Perhaps the question being asked should be centred around where are the likes of Thomson, Saga and Fred Olsen going to get their replacements. Their current ships, all second hand or more, are of a size that may be difficult to replace. 

 

Food for thought.

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I would think its all in the eye of the beholder, how many people would know how old a ship is without first doing some research, it is the same with aircraft, step aboard a Boeing 747 do you know if it is one recently off the line or is one that is actually 20-30 years old, with modern day refits it would be hard to tell, I would be concerned if the thing was covered with rust and looked like it was due to be beached on one of those beaches in the Indian sub continent.

 

I would expect the biggest giveaway on age is in appearance....

 

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...and the absence of balconies.

paul1924 and RobBar like this

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As long as they are kept clean, tidy and maintained they are not old. For me it is when they start leaking and creaking where they shouldn't and when they look unloved that they are past their best.

RobBar likes this

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In essence a ship has  a lifetime of about forty years (some have reached 50/60 years ) . certainly the economics  of building the ship and its expected revenue  / expense stream have been worked out prior to building ,.  All ships by reputable lines undergo regular maintenance plus dry docks and extensive parts replacement during their lifetime.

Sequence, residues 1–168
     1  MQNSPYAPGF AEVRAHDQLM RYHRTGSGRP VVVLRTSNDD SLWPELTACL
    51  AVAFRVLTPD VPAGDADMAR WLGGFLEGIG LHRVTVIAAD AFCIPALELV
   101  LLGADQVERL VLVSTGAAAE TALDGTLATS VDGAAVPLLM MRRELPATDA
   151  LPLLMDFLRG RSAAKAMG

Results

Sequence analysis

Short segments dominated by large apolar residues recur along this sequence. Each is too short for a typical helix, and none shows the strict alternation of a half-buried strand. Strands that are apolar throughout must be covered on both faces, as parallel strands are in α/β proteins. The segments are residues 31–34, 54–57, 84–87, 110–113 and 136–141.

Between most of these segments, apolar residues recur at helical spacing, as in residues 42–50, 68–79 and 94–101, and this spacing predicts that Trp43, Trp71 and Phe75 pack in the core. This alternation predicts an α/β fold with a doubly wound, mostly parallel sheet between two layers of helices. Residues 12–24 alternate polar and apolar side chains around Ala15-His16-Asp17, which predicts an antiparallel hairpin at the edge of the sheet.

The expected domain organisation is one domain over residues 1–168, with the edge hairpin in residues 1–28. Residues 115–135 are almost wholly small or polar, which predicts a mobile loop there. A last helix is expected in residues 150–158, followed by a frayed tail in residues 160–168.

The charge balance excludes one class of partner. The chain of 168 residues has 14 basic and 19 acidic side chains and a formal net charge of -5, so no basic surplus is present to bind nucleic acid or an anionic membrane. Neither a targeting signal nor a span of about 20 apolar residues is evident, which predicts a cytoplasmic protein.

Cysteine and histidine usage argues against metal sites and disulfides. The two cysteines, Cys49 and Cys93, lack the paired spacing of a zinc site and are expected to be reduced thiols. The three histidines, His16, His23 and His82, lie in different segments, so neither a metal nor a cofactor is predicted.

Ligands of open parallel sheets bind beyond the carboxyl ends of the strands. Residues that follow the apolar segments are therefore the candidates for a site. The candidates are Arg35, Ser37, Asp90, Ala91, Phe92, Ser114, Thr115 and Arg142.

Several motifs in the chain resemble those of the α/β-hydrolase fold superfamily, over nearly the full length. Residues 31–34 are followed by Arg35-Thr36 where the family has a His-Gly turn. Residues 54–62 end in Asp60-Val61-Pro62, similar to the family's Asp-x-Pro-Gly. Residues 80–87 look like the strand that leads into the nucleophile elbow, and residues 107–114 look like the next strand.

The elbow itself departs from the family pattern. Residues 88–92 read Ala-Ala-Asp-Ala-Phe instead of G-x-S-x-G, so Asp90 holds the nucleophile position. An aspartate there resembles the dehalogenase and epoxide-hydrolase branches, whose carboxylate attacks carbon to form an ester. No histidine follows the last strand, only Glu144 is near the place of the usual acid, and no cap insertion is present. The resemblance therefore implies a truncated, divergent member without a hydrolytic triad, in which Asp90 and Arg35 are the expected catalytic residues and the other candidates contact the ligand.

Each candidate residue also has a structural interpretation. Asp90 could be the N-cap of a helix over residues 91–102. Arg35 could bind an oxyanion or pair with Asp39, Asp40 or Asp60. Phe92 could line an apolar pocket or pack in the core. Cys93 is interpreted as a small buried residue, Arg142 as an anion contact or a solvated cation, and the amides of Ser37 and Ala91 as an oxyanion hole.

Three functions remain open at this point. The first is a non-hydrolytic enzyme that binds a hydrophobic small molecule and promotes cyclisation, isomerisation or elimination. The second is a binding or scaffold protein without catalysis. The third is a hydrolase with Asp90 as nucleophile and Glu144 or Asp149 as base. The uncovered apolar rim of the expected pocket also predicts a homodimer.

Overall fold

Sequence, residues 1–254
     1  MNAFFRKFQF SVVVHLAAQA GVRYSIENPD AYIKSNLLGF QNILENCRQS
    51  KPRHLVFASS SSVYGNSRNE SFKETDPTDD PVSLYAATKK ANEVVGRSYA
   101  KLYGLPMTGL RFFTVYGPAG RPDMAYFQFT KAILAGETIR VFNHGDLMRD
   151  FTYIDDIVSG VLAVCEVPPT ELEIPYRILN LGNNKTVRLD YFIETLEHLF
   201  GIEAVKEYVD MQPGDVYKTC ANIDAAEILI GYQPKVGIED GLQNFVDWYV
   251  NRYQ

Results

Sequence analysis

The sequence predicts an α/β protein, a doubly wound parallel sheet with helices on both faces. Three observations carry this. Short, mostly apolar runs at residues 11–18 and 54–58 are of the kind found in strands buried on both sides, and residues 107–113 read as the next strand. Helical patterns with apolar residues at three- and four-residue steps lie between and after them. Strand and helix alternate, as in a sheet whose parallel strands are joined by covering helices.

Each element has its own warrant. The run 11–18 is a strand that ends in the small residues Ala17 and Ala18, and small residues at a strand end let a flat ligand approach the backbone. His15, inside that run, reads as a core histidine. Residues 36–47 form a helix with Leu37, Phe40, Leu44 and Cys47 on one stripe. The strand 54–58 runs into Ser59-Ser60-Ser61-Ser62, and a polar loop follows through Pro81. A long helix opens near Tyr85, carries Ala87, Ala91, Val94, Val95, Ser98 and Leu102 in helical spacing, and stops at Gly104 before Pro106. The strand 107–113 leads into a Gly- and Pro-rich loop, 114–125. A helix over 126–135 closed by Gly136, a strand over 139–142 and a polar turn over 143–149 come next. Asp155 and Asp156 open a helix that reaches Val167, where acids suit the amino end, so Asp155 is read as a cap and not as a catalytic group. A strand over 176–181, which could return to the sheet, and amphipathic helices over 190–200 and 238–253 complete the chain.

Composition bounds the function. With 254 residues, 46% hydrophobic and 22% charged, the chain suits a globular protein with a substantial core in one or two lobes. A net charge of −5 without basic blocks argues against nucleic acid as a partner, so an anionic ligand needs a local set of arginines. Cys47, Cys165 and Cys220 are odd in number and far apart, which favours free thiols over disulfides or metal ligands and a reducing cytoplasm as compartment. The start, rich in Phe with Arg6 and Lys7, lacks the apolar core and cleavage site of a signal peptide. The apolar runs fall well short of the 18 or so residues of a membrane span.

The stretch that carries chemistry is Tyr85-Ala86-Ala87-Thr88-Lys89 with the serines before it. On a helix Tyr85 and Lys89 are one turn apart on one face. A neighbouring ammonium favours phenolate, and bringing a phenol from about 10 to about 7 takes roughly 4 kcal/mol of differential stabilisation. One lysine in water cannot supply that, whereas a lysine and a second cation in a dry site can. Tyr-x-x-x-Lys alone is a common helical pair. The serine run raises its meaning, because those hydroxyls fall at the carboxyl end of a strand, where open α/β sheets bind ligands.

Once a cruiseline determines it is not making monies anymore it will sell the ship to another group who will use it differently

 

All ships are evaluated for safety et cetra/

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Hi  After a little musing on the subject, the only thing I can define new v old ships is the propulsion system used.  I am defining a new ship as any which is powered by a pod system.  I accept I may be incorrect but it's the best I can come up with.